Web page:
Ain't no substitute for telling your own kid that smoking sucks. I tried it myself, and it did!
Daniel Meyer | Readfield, ME | November 11, 2014
Something an earlier Blowback commenter said reminded me that most Montana newspapers did not carry Doonesbury in the 60s -- too political. I love reliving those days through these Classics, which are, sadly, still too relevant, but hilarious. (Billings West High '67.)
Bren | Dublin, IRELAND | November 10, 2014
Interesting parallel between today's 40-year-old Flashback strip and a more recent storyline, about a student who sued Walden for not giving him an "A."
MASTER SETTLEMENT AGREEMENT
Rick Bush | Parkersburg, WV | November 09, 2014
I really enjoyed today's strip
about the Master Settlement Agreement. My daughter did her social studies fair project on this topic several years ago, when issuing bonds secured by future tobacco settlement proceeds was a hot potato in the West Virginia legislature. I learned more political science in three months than I learned in four years of college classes. I also learned something about raising revenue without mentioning the word "tax" in an environment where any politician who even hints at a tax increase is doomed. The partnership between Big Tobacco and the various states' Attorneys General which resulted from the Master Settlement Agreement has generated numerous incongruities over the years, as the states, in order to preserve their income streams, have squelched all potential competition, upon the pretense of protecting the public. Thanks again for today's expose!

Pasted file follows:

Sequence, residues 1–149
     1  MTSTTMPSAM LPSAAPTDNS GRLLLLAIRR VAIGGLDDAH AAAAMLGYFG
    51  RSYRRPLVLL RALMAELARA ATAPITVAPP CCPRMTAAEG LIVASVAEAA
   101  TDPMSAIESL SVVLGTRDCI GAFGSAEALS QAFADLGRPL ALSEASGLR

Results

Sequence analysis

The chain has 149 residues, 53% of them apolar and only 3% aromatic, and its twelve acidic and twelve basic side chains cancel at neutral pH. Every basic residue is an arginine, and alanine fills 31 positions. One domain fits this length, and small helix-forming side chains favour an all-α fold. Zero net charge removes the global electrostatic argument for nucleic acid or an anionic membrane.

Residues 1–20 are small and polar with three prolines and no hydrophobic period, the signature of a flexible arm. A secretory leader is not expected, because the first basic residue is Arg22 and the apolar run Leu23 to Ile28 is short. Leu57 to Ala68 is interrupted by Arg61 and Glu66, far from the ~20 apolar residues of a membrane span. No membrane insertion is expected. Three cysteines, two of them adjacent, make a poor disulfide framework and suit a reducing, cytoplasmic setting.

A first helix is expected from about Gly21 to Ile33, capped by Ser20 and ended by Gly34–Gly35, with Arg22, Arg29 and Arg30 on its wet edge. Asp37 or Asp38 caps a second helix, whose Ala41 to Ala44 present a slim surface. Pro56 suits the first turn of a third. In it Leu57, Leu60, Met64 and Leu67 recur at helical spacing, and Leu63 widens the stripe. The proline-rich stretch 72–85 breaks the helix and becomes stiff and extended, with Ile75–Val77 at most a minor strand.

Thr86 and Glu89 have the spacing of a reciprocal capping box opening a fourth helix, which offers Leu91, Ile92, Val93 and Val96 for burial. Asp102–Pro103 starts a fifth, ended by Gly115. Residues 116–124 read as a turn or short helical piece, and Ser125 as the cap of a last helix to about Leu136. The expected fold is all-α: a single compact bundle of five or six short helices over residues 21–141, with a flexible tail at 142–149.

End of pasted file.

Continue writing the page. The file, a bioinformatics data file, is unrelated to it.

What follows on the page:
Alan | New York, NY | November 09, 2014
I enjoyed today's strip on Big Tobacco and anti-smoking efforts, and did a little research afterward. Articles at NPR.org and on the New York Times site report that most of the tobacco settlement was given to the states with no strings attached. The Tobacco Master Settlement Agreement apparently did not include language enforcing the perception that states would use the money primarily for anti-smoking education.
Edward Cherlin | Columbua, IN | November 08, 2014
I'm nobody! Who are you?
Are you nobody, too?
Then there's a pair of us -- don't tell!
They'd banish us, you know.
How dreary to be somebody!
How publicly, like a frog
To tell your name the livelong day
To an admiring bog!
-- Emily Dickinson, 1891
Mike | San Jose, CA | November 07, 2014
As a longtime fan, I suggest GBT bring back the talking begonia. I think its comments would be relevant to today's politics. Thanks!
ZONKER / SNOOPY
David Gottfried | Portland, OR | November 07, 2014
Zonker : Disco = Snoopy : Flashdance
Rev. Dr. Bob Faser | Hobart, AUSTRALIA | November 07, 2014
I must admit that I completely forgot Zonker's "Boogie Fever" phase. (My excuse: I was living in Montana at the time.) Anyway, brilliantly hilarious social commentary.
Edward Cherlin | Columbus, IN | November 02, 2014
Cheating spouses? Goof-off employees? What about clueless politicians who keep deleting Facebook posts and Tweets and wondering why they don't stay hidden?
Bruce Miller | Sacramento, CA | November 02, 2014
I remember a talk I gave to the company I work for in which I recounted real Facebook comments from one person. First "[Deleted expletive] I wish I could call in hung over." Later "LOL. So bored. The customer in front of me thinks I'm typing her information in right now. LOL." And still later "[Deleted expletive] those [deleted expletive] fired me today!" So folks, it isn't just suspicious spouses looking; so are your employers.